Student's Radio Physics Course
May 1934 Radio News and the Short-Wave
the equation for the inductance of a standard tightly-wound, single-layer
inductor is very easy. What, though, if you needed to determine
how to build an iron-core inductor or to build a choke coil with
a silicon steel laminated transformer-iron core where the windings
have an air gap between them? Who ya gonna call? Alfred Ghirardi,
of course, or at least his ghost through this article from a 1934
edition of Radio News and the Short-Wave. If you also need
advice - complete with drawings - on how to wind a coil that will
not induce a killer counter-EMF when a switch is opened (as with
a solenoid), then here, too, is your source.
May 1934 Radio News and Short-Wave
Wax nostalgic about and learn from the history of early electronics.
See articles from Radio &
Television News, published 1919 - 1959. All copyrights hereby acknowledged.
Student's Radio Physics Course
Alfred A. Ghirardi
The inductors used in radio apparatus take many
forms, depending on their particular application. Some have inductances
of only a few microhenries, are wound on insulating forms, and have
air cores. Broadcast frequency tuning coils may be of the order
to 200 to 300 microhenries and may be from 1 to 3 inches in diameter,
wound with 50 to 100 turns or so of No. 20 to No. 30 wire. Radio-frequency
choke coils having an inductance of 85 millihenries are also used
extensively. For shortwave work, smaller values of inductance are
Iron-core inductances commonly used in audio amplifiers
and in the filters of the B power-supply units of radio receivers
have a great many turns of fine wire wound on laminated steel cores.
Inductances as high as 100 henries are not uncommon in devices of
this kind. The windings in inductances as large as this contain
thousands of turns of wire. Their particular applications will be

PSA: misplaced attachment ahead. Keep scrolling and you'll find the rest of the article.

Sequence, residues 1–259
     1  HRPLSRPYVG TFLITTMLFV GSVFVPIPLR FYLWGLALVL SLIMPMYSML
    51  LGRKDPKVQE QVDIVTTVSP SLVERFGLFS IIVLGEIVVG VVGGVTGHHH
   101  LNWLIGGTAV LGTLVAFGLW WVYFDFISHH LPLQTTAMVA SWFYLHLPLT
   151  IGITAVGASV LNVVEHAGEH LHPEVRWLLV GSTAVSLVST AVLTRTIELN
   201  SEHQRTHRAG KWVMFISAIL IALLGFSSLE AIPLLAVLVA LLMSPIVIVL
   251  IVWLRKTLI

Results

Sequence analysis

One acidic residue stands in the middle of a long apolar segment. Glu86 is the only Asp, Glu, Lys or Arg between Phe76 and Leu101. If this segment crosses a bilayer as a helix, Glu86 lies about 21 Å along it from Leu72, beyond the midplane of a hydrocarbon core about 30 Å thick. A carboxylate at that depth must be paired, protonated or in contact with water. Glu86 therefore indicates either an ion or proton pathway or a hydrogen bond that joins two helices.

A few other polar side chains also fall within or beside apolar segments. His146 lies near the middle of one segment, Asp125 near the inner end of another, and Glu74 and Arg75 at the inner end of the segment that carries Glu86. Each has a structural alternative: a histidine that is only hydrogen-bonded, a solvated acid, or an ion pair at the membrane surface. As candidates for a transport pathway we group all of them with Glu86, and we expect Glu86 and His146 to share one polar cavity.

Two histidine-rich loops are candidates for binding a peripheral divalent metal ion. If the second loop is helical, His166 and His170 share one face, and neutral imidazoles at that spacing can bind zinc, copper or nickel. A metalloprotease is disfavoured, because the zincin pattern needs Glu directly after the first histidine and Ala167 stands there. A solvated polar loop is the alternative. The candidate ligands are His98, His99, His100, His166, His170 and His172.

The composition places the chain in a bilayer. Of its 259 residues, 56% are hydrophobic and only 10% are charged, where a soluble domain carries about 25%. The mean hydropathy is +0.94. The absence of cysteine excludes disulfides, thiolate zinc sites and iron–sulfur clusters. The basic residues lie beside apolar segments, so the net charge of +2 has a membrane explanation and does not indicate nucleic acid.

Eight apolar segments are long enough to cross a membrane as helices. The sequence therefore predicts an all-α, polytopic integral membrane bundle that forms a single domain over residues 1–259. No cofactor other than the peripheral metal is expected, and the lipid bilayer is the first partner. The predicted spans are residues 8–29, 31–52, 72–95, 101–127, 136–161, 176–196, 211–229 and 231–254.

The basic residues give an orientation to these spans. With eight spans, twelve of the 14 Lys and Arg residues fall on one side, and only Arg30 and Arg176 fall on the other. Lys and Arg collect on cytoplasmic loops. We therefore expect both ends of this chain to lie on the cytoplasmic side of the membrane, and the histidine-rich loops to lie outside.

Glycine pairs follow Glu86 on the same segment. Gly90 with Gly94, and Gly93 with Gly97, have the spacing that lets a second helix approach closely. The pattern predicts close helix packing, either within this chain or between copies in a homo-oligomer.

studied later. The approximate inductance of iron-core inductor
or choke coils built with silicon steel laminated transformer-iron
cores may be calculated from the following formula:
A core flux density of 20,000 lines per square inch is assumed.
The inductance is in henries, the core cross-section area
is in square inches, and the total air gap in inches is determined
from the formula.
The size of wire with which to wind the coil is determined
by the current the coil is to carry. The wire size may be obtained
from the data in a magnet wire table.
When an alternating
current, or a varying direct current, flows through an inductive
winding, a considerable counter-e.m.f. is developed due to the varying
magnetic flux. This acts to oppose the flow of the current through
the winding, as we shall see later.
The large spark noticed
when opening the switch in an inductive circuit is caused by the
high self-induced voltage which tends to keep the current flowing
across the switch gap. Circuits having high inductance should not
be opened suddenly, for dangerously high voltages may be developed
in them by the self-induction. These may be high enough to puncture
the otherwise satisfactory insulation on the wires. Circuits of
this kind should be opened gradually by inserting resistance in
them to slowly reduce the current to a low value, then finally opening
In some applications of coils where wire is
wound up in the form of a solenoid in electrical and radio work,
it is desirable that the solenoid should not possess any appreciable
amount of inductance. Such windings are called non-inductive windings.